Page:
University Marketing & Communications

October 17, 2016

Three tips for using email as a marketing tool

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What makes the difference between an email that gets dumped in the junk folder, and one that actually gets your message through? Just like any platform, there are tips and tricks to help you improve your email results.

A 2014 study showed that email was 40 percent more effective at acquiring new customers than Facebook and Twitter combined. But don’t forget, email is very different from social media. It can be incredibly powerful, but only if used effectively. Here are three key takeaways to help you better utilize this platform:

  1. Make sure your message has a clear purpose.
  2. Use metrics to support and improve your strategy.
  3. Set an expectation for the recipient to respond.
Establish an objective:
  • If the purpose of your email is not clear to you, it will be even less clear to your audience.
  • In order to maintain a priority status, focus on crafting messages that have a purpose and a call to action.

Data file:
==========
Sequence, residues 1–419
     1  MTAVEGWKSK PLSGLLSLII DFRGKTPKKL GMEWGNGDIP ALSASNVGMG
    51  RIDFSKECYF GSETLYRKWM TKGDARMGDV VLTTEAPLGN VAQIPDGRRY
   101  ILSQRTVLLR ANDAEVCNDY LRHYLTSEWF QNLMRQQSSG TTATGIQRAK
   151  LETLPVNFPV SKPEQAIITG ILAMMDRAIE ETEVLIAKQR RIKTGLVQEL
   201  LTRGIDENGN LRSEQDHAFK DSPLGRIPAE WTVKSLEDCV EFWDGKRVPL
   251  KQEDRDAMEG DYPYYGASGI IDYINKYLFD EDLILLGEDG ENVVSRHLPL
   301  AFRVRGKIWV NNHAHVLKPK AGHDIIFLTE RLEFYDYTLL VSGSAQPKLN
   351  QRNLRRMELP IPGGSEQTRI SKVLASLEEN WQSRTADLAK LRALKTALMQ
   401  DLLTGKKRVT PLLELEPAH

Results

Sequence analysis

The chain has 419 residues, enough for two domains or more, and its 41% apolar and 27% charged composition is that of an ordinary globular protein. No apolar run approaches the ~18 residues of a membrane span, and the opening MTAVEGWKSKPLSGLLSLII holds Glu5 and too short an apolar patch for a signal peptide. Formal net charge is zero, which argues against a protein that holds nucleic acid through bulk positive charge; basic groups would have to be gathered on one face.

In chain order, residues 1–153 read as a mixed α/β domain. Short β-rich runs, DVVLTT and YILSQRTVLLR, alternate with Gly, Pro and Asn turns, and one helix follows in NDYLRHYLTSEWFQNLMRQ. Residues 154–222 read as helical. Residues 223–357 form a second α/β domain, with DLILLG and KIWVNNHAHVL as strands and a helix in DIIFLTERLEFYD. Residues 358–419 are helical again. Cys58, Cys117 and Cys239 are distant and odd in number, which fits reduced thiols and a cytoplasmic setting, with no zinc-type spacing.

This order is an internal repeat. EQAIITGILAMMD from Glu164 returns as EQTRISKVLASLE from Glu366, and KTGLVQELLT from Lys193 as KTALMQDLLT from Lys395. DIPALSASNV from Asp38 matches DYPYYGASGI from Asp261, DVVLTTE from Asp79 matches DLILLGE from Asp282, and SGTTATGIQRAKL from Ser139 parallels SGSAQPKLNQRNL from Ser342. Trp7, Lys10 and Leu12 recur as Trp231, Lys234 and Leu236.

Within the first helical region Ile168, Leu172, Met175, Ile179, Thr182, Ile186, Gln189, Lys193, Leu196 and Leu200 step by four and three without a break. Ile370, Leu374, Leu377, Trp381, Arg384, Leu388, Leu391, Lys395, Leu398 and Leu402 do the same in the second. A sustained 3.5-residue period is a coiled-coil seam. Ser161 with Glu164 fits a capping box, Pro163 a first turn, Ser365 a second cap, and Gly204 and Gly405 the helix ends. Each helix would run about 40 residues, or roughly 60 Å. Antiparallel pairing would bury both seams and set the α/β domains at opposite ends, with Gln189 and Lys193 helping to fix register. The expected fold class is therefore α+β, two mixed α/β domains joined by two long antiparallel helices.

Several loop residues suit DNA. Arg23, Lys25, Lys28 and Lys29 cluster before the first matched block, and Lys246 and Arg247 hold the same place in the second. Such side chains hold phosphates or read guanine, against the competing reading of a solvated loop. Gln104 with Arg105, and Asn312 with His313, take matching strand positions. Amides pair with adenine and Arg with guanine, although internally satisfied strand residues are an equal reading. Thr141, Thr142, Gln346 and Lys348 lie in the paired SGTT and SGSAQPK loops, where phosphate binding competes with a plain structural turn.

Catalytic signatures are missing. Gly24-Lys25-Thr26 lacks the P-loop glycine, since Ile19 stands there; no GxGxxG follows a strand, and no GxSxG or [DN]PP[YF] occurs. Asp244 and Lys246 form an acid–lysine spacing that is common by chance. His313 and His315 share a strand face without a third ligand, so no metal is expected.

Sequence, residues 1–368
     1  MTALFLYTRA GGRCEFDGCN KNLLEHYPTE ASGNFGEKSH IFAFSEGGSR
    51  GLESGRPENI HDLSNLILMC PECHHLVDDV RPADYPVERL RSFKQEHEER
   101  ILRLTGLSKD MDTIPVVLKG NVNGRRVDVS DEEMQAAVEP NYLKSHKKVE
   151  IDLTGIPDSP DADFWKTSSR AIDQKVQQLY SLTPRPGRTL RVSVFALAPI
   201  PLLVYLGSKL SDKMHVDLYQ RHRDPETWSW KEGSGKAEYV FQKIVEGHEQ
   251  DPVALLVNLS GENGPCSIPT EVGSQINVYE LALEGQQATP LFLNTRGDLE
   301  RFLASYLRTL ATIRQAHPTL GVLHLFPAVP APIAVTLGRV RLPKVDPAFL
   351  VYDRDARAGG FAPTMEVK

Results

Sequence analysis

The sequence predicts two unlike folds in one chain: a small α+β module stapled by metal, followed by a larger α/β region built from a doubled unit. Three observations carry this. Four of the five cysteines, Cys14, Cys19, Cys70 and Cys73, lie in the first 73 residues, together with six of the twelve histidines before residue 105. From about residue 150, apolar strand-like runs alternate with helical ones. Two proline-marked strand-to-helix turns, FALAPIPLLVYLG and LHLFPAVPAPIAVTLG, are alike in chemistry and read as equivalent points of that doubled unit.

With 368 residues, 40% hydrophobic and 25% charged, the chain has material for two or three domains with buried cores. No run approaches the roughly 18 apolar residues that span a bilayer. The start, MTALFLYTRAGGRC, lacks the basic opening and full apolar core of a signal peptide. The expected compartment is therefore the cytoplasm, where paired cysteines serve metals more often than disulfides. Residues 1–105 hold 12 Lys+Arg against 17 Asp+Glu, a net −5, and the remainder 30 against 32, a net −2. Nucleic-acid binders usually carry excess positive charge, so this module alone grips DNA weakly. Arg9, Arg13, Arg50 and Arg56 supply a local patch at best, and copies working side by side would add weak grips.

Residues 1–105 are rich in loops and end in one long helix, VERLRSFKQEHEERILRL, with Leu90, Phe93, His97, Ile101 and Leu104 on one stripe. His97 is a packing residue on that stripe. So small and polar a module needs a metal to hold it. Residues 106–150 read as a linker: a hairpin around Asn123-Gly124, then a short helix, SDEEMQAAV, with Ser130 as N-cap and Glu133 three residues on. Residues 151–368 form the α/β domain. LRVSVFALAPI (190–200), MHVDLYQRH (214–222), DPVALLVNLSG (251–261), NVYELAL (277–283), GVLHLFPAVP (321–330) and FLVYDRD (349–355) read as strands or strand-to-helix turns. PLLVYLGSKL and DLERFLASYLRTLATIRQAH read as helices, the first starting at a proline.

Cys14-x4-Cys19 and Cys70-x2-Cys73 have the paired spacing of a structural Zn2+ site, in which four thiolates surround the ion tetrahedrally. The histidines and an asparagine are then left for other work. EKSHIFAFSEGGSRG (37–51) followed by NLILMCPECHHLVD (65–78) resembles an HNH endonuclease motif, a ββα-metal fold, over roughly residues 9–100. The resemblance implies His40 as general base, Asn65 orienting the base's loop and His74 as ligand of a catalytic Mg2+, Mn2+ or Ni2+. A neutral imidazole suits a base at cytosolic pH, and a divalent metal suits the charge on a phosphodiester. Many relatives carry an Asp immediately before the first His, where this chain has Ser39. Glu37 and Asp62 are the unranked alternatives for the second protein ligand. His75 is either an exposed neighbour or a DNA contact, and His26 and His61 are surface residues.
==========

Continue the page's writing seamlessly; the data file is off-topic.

• If you’re sending out more than one email a week, your audience might want to unsubscribe.
Use metrics:
  • Monitoring how many people open your emails and click the links gives you insight into what content does and doesn’t work for your audience.
  • If you have a low open rate, you might need to update your recipient list or test out more compelling subject lines.
  • If a large percentage of your audience uses mobile devices to open your emails, make sure all of your messages and links are mobile-friendly. This will help increase your click-through rates.
Encourage engagement:
  • Motivate your audience to respond by including a compelling call to action.
  • Be clear about how you want them to proceed (individual reply, RSVP, etc.).
  • Make it as easy as possible for your audience to respond by providing links and/or contact information.

For more reasons why you should be using email to engage with your audience — and how to do so successfully — read this Forbes article, download this Litmus “State of Email Report” or contact Elise Perachio, associate director of e-communications.

—Callie Hamilton